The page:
2. Get in action. What can you do, right now, that will get you moving? Can you make a bold offer or a bold request? Then acknowledge and celebrate what you did (whatever the outcome).

  3. Be honest about what you are scared of. What happens if you fail? Yes, that word sounds bad, but how bad is it really? Remember the expression “better to have tried and failed than to have never tried at all”? It’s true. Failure doesn’t mean a thing (expect that now you know more than you did before). Can you accept that?

  4. Know that in (almost) every situation you have a choice. Yes, you do. You choose your job, you choose where you live, you choose who you work with, you choose what you say “no” to, you choose who you delegate to. Don’t fight me on this one. Things works better when you accept that you have a choice in everything, and then you can be powerful in your choosing. (Although I recognise that many of us are very deeply committed to things being tough, as it helps us to feel valuable.)

  5. Listen and relate to the people around you; consider them as being good people. Be generous in your opinions. Everyone around you is human (believe it or not!). They have their own issues, dreams, fears… We can waste a lot of time fighting, disliking, and moaning. Just give it up.

  6. Say “No” to some things. Nicely. Acknowledge the request and the impact of your “No”. Be clear why you are saying “No” (for example, what can you say, “Yes” to instead?). And don’t say that you are sorry if you don’t mean it.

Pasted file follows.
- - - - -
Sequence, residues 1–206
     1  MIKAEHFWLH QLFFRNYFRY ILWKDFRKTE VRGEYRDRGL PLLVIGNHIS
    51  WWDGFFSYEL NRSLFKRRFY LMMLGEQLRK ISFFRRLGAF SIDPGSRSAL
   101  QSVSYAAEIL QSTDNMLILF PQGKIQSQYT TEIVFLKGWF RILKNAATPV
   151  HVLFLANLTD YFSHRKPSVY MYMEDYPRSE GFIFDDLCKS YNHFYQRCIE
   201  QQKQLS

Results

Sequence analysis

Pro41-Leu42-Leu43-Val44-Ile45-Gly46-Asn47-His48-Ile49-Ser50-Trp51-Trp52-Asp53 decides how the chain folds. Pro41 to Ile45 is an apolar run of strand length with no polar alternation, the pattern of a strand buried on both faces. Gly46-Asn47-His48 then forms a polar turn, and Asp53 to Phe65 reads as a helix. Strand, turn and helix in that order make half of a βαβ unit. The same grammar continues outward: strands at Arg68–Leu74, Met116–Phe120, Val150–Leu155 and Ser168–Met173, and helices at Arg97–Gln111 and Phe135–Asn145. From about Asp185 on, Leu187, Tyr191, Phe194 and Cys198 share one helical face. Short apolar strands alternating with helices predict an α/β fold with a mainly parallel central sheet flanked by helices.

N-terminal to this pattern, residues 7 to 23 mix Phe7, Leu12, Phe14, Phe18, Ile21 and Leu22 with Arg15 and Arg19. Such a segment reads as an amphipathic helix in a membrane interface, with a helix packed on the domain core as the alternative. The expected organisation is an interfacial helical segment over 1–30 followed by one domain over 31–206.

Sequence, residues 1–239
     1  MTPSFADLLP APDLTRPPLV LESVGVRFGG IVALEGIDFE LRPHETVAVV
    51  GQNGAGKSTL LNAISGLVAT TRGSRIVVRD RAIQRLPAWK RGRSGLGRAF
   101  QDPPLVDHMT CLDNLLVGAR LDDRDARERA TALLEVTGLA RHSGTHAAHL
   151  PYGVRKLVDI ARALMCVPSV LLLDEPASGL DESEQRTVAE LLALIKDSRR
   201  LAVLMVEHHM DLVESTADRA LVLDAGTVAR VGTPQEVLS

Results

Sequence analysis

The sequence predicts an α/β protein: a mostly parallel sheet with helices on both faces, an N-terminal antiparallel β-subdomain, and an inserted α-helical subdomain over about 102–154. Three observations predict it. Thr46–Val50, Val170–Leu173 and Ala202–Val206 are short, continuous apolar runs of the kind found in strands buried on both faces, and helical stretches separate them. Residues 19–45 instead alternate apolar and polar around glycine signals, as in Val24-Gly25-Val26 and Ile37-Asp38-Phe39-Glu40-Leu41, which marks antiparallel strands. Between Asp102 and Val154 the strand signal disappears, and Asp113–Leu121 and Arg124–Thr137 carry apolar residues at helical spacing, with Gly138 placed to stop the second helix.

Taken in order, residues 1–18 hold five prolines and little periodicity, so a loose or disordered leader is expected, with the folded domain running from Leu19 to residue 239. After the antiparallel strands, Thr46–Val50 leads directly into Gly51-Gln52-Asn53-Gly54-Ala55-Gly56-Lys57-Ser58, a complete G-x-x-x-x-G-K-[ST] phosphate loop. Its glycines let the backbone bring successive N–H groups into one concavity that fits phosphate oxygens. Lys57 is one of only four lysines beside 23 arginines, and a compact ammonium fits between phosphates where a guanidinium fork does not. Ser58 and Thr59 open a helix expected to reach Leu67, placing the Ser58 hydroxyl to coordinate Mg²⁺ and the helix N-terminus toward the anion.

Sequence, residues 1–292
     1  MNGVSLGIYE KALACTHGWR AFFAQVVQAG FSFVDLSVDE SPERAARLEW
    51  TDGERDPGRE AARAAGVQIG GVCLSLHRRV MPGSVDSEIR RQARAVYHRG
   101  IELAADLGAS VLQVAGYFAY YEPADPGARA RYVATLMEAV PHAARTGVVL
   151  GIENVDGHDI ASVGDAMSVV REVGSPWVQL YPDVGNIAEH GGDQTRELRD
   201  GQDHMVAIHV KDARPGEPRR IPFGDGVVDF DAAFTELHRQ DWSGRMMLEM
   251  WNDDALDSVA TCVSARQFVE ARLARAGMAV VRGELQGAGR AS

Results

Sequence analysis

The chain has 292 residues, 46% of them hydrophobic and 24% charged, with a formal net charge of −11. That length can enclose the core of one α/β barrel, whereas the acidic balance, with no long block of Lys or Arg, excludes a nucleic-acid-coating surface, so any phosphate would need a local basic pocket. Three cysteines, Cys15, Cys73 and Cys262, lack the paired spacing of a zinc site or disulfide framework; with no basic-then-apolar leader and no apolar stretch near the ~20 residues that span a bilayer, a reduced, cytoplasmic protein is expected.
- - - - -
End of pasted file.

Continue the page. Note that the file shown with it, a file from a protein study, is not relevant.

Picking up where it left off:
7. Be honest about what you are pretending. See how freeing and empowering it is to stop pretending that you are 100% committed/brilliant/honest or whatever. See how much energy you get back.

 

To connect with Katy Tuncer you can email her at katy@tuncer.co.uk 

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Katy Tuncer is a senior management consultant with extensive experience and a strong reputation for work in strategy-led, individual and organisational transformations, across a wide range of organisations and industries.

Katy is a McKinsey trained consultant and accredited executive coach (APECS), with a strong and diverse track record of personal leadership – e.g. entrepreneurship, army, police, community programmes. She is currently a Partner at a specialist sports consulting firm, and is a global expert on women’s physical activity.

She was recently listed as one of the BBC 100 Women and also won a Prime Minister's 2016 Point of Light award for her community volunteering.